I purchased a USB microscope (one of the entry level range) with a software that enables measurements, photos and videos to be taken, along with an articulating arm mount. I guess I’m not finicky or obsessive enough yet setting up carts!
Then again, I’ve owned the Analog Magic software for 2 or 3 years and have yet to use it. It came with my turntable
The older I get, the harder it gets to land on the null points and set azimuth, forget about vta/sra. I know, I know, set it by ear…
Yup - went from the $300 to the $600 one, as the cheaper one doesn’t allow enough magnification. Really helps to actually watch what it is doing while on the record while it is PLAYING, which is not always the same as what it does sitting on the rest or sitting on a record not playing.
One invaluable hint: make a microscope picture to measure the angle between stylus contact line and cantilever. Then when you want to measure SRA when playing or whatever, just orientate on the cantilever. You then can take a picture from the side with a smartphone and measure the angle between record and cantilever from the side. It’s as accurate as possible and MUCH easier than measuring stylus azimuth directly with the needle on the record.
I’ve used one for years, and after all that time I’ve come to a couple of conclusions:
It’s a b!tch to set up even on an articulated arm because the focal length is so minuscule.
If the stylus to cantilever orientation and alignment look correct before you ever mount the cart, then using AM and fine tuning by ear works just as well, if not better.
I used AdjustPlus+ and for the last several years use AM (BTW, get v2 it’s better). What I do now is check the cart geometry with a USB before ever mounting it. It’ll tell me if the stylus mounting geometry relative to the cantilever is good. AM does a much more precise job of getting the whole thing lined up in all respects, and with some judicious listening adjustments and double checking on AM I’ve found it to be a lot easier than getting a USB capture of the stylus on a record (or equivalent) surface - especially with a tonearm finger lift in the way!
Ah, I see jazznut elaborated on a technique I’ve also found to work more easily.
It’s interesting to read this topic. In my backlog of stuff to work on “someday” I think it’s possible with a phone camera and a bit of AI running on a cloud service to analyze how the cantilever and stylus are moving through a groove and then provide setting adjustment recommendations near real-time.
I probably won’t have time to work on this until I retire.
I’ve heard of ppl having to remove the plastic shroud on the microscope to get close enough, my tone arm lift threads into the head shell (Kuzma 4pt) and is removable so that may help as well. Minor tweak to the tracking force to compensate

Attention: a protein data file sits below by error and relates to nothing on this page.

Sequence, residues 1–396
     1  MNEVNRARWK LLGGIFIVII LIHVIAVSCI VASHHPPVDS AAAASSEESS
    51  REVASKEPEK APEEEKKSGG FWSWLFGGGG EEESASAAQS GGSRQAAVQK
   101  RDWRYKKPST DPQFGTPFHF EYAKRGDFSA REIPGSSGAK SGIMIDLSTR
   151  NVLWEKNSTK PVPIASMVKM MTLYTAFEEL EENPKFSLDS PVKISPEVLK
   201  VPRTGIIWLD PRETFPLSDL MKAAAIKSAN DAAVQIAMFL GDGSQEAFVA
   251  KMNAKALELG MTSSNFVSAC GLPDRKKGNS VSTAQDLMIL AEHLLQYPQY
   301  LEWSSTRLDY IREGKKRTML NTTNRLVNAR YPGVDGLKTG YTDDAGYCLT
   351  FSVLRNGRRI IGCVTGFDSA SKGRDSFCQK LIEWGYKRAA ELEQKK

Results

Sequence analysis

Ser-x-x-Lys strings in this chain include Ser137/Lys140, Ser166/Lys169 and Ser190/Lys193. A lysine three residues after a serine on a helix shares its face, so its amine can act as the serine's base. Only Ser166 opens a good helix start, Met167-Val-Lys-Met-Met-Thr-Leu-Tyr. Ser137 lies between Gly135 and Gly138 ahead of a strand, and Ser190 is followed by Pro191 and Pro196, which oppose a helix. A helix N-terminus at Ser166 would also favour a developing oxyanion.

I remove the shroud. It’s still a b!tch to set up. Keep in mind that if you remove the tone arm lift and put it back, you run a small risk of throwing off something like azimuth or zenith, or even the overall stylus position. Easy enough to fix, if annoying.
I purchased via Amazon and they have a generic set of slides that state that the Dino-Lite model that I purchased had measurement capability, but it does not. So, make sure that you go to the Dino-Lite website and use their tool to make sure that you are getting the features that you want. The model that has the features that I want costs $799 vs the $329 that I paid. The more expensive is a 1.3Mpix, extended working distance, automatic magnification readings passed to the measurement software and a polarizing filter. Sure hard to look at the stylus with the LEDs on without a polarizing filter… anyway, getting pretty pricey.
Use the IOS app „Protractor“ in its transparent mode to take a picture of the picture you made from the cantilever related to the record surface. You can then measure the angle pictured with this tool (if you touch it, a line appears that measures it).
I usually make the initial picture of the stylus on the spinning record with my iPad and then take a screenshot with my iPhone of the transparent protractor picturing the previous picture shown on the iPad.
At the end you get something like that (this was just a rough first try, nothing’s properly parallel in this example):
Lots of information … I liked his stand with x,y and z movement and fine movement knobs, but I suspect that he combined a stand with an arm attachment. The simple stand is on the Dino-lite website, but not with three freedoms of movement and fine movement knobs.